“Twenty-twenty has been the year of ore. Iron ore, that is. We’ve seen it extracted from the earth, thrown into the blasting furnace, and molded into steel. From that steel, we’ve seen so many swords forged, that it’s practically raining the motherfuckers. There’s Ironsword and Megatron Sword, Possessed Steel and Blood Hails Steel – Steel Hails Fire, to name a few. And it won’t fucking end as long as Steel is fanning the furnace.” Mask ore die.

Iron Savior – Skycrest Review

Iron Savior – Skycrest Review

Iron Savior may not have started the whole Euro-power genre, but founder/vocalist/guitarist Piet Sielck certainly had his hands on the original putty as a member of the early version of Helloween. Though he never ended up recording with them, you can hear the influence of that protozoic era of power metal in everything Iron Savior does. Since their 1997 debut they’ve consistently churned out quality Euro-power with strong links to classic metal and they’ve always delivered it with more heft and muscle than 99.999% of their frilly be-shirted peers. Skycrest is their 12th platter of metallic anthems to the Metal Godz and things are as they should be.” Iron sharpens other iron.

Communic – Hiding from the World Review

Communic – Hiding from the World Review

Communic has become a bit of an enigma  for me over the past 9 years. Though exceptionally talented and creative, this prog-power trio seem to find ways to undercut themselves and guarantee that they remain an underappreciated act. Early albums like Conspiracy in Mind and Waves of Visual Decay were amazing doses of progressive metal in the vein of Nevermore and it looked like they were going to be the next big thing. Since then they’ve been much more irregular, though they’ve yet to release a truly bad album.” Hiding potential.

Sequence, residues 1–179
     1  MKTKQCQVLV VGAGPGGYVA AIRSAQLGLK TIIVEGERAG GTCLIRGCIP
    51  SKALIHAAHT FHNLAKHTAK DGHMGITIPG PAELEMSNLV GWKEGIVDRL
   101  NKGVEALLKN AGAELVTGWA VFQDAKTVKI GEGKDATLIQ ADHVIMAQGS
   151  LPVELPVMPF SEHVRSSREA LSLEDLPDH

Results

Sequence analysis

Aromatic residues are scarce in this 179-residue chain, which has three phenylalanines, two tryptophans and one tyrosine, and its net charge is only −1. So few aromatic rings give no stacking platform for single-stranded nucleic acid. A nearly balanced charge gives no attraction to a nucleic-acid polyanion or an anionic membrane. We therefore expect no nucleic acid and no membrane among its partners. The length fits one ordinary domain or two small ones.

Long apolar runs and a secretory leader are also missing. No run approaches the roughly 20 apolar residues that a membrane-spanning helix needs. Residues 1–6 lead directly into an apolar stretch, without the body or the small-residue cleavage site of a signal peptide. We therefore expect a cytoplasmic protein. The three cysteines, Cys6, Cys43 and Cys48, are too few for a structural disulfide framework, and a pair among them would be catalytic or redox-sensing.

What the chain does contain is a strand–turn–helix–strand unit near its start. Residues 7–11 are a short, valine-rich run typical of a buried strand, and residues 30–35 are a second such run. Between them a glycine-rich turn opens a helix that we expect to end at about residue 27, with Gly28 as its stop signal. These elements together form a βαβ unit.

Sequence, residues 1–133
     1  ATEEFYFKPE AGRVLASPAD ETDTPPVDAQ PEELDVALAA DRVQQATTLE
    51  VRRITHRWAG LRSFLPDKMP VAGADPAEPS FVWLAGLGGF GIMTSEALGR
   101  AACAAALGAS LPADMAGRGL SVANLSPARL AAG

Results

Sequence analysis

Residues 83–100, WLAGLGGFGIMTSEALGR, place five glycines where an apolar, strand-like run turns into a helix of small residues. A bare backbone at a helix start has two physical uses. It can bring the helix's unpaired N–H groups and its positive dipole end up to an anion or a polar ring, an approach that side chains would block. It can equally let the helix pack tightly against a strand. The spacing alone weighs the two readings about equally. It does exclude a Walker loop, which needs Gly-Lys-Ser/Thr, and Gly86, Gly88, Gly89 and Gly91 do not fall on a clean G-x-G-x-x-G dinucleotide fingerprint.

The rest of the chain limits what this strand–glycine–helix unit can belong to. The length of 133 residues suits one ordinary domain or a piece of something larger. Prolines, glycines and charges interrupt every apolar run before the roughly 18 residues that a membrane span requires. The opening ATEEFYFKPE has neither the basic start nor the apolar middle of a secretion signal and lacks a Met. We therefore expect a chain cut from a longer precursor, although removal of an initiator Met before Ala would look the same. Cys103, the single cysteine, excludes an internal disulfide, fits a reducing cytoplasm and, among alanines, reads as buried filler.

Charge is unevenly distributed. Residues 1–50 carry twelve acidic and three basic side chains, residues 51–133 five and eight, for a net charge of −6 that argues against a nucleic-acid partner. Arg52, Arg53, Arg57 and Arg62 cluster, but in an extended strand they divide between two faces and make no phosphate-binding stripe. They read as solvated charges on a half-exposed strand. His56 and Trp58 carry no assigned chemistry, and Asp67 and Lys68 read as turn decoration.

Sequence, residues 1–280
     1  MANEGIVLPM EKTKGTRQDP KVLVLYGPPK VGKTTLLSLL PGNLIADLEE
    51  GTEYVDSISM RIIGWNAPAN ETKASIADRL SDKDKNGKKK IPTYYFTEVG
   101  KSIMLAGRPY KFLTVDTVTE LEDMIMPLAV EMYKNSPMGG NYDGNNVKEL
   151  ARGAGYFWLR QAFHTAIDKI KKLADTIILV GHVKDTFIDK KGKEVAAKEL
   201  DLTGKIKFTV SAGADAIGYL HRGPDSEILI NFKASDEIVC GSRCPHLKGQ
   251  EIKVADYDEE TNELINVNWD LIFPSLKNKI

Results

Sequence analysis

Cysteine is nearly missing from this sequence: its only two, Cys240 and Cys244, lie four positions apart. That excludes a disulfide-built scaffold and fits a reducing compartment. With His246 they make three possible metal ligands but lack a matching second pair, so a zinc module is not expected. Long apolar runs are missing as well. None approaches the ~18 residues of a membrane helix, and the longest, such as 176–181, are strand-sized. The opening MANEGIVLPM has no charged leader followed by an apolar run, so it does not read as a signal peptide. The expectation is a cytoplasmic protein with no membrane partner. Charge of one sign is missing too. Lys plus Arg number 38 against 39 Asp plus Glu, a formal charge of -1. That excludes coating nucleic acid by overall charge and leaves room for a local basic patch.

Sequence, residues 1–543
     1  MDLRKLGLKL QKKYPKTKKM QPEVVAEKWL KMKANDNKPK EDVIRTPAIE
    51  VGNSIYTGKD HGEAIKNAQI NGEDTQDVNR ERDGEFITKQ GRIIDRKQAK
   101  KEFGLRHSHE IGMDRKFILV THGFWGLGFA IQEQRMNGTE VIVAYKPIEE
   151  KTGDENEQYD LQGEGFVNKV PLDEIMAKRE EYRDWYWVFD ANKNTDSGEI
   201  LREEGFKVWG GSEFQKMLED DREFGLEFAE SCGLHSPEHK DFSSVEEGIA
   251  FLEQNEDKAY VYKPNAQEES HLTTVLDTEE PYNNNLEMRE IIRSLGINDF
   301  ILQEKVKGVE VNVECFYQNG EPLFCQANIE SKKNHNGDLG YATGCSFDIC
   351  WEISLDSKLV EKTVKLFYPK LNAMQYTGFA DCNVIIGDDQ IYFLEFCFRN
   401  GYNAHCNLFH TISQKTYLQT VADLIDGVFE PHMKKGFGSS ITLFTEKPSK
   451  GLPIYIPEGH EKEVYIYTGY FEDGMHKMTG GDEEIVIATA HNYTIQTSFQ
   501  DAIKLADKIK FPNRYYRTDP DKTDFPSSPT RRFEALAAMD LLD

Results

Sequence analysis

Pyramaze – Epitaph Review

Pyramaze – Epitaph Review

“There was a time when Pyramaze threatened to become my favorite prog-metal band. With their Melancholy Beast debut highly impressing, and follow up Legend of the Bone Carver completely blowing me away, I was very much on the Pyramaze war wagon and looking forward to more flawless victories. Sadly, vocalist Lance King departed, and third album Immortal was a step down despite heroic vocal efforts by Matt Barlow. Seven years went by before we got the next album, this one featuring the unknown Terje Harøy on the mic. Disciples of the Sun was a big comeback for Pyramaze, showcasing a new direction and an abundance of impossibly catchy songs. Two years later however, the band took another downturn on Contingent by trying to create a bigger-than-life concept album with a movie soundtrack sheen that ended up feeling more pretentious than interesting. This brings us to their sixth outing, Epitaph.” Grave new world.

Mors Principium Est – Seven Review

Mors Principium Est – Seven Review

“Some of why I feel this way is because few bands can pack as many riffs into a single album as MPE do. When I listen to their entire discog in an afternoon, it feels like it’s taken ten years off my life. There’re so many riffs—you wonder if there are any left. Twenty years in existence, a dozen members now funneled down to two, and six albums turn Seven. Will Seven be their lucky number?” Number of a beast.